Zoroastrianism, Manicheism, Mithraism and other cults of the Roman Empire, but they have lacked the power of surviving, which indicates a comparative lack of ability to interpret and enhance the inward faith of mankind. Judaism has survived marvellously, but only as a national religion, which since it repudiated Christianity has not shown itself capable of extension beyond the nation of its origin.
Of the three surviving supernational religions, Islam retains most of the narrower preceding type in the importance it gives to its holy place, Mecca. Nor can we point to any particular in which it has enriched the religious thought of mankind. It was a republication of Jewish monotheism and iconoclasm in a propaganda sustained by late Jewish eschatological ideas of
resurrection, judgment and predestination. Its success was conditioned by the degeneracy of Christianity in the east, and for a time it gave the world what was probably a more rational religion and a higher kind of life than was then prevalent anywhere in Christendom. But it has since shown itself unable to spread amongst the most civilized peoples or to promote permanent progress amongst any. The reason is probably to be found in the external nature of the God it worships, as reflected in the external nature of its religious authority, a book given word for \vord from heaven to Mohammed, stereotyping the divine will for man in detail and for all time.
In comparing Buddhism with Christianity it
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does not help to point to the degradation of modern Buddhism in certain places, for there
were times when in certain places Christianity showed little if any better ; nor to compare the character of Gautama and Jesus, for the life of both was recorded by those who believed them perfect. But it should be remembered that originally Buddhism was not a religion, but a discipline or way of so managing one s thoughts and acts as to escape suffering. The Buddha did not deny the Gods, but ignored them : they were themselves transient and could not help : prayer to them was useless. The only point in his system resembling religious belief was the doctrine of Karma, the law that bound suffering to desire, its chief article being that re -incarnation denied the escape of death to man and threw him back entirely upon himself for delivery from suffering. His way of deliverance rested upon the assumption of the impermanence and illusory nature of the self, which was but a bundle of elements held together in painful conjunction by desire, and the only escape was to kill desire and allow the self to dissolve. His teaching is thus a remarkable converse con firmation of what we have seen to be the nature
of religious faith. The India of the Buddha s day could not give him an idea of God s good ness great and intense enough to overcome evil with good, and so supply a rational basis for the pursuit of truly personal values in the world as it is, and therefore his remorseless logic led him, since he found no. sufficient moral, personal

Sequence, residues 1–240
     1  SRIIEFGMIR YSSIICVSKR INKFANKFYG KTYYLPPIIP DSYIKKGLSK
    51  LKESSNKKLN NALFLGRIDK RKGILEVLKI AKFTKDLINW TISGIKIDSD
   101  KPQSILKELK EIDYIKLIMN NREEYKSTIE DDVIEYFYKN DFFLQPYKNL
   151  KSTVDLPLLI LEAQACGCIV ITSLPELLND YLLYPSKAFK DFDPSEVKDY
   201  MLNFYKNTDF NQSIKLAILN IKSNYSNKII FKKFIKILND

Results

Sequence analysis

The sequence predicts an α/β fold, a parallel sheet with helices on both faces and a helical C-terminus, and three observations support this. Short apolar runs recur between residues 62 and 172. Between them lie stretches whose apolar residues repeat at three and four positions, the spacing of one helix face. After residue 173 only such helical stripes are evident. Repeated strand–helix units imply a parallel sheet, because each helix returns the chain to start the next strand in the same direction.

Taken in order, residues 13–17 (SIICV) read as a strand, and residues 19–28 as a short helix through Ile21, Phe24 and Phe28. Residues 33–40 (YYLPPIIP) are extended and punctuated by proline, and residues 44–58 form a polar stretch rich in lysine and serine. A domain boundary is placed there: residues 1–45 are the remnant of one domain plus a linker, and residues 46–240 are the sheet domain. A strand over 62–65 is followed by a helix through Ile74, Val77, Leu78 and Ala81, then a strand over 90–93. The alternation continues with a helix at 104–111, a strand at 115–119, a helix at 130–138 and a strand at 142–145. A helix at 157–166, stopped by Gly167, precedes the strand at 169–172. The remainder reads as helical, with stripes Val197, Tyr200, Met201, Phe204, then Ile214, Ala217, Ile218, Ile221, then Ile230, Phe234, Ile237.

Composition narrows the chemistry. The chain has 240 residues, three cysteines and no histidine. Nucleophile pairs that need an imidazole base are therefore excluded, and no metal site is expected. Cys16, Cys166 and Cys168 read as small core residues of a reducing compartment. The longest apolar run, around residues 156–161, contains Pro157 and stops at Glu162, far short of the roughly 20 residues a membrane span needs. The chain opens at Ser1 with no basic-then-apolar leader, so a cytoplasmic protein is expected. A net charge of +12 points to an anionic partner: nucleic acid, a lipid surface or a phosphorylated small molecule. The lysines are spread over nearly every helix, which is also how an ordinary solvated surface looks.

IN THE RELIGION OF MANKIND 33
centre in the universe, to deny the essential oneness of human personality and to seek peace in its dissolution.
Buddhism, as a way of life, was an advance upon the religion of its day. For it freed the spirit of man from a religion that could not help. It was a consistent destroyer of all the lower and coarser forms of selfishness, and the beautiful inconsistency of Gautama, who, when perfect peace was within his grasp, withheld him self from it by his desire to help others, tended
to mitigate the spiritual individualism that by the irony of logic was an essential part of his system. Its purest success was not as a religion, but as an intellectual and practical alternative to an insufficient religion.
tWlien it became a religion it forsook its original base : Gautama, the Buddha, became the object of worship, and took the place that God takes in other religions. It may be retorted that Christianity also has given Jesus a place in worship that he did not give himself, but at least it has done this only as it conceives him related to and revealing the God who was all in all to him, whereas the modern Buddhist makes a god of him to whom all gods were useless, and prays to him who had no place for prayer.
We are left to see the world s religious de velopment culminating in the religion of Jesus. In his thought of God all that is implied in the possession and highest activity of personality becomes most surely and clearly explicit, and
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therefore of greatest avail to us. Nor must we think that the process so culminating was an easy one, or one merely of intellectual ad justment. Every step was fought for and paid for in the dearest coin of life ; and the highest reaches were the hardest and costliest, be queathing to us the most sacred and valuable heritage of the race. For however hard we may find it, when we look only upon ourselves, to venture into conscious and explicit faith upon what in our best moments the depth of our being declares, yet when we consider Jesus we find it harder still to believe that his life was founded on untruth, and that his teaching of God was not the unfolding of the truth of his life, and therefore of all life ; and so he gives us God and ourselves.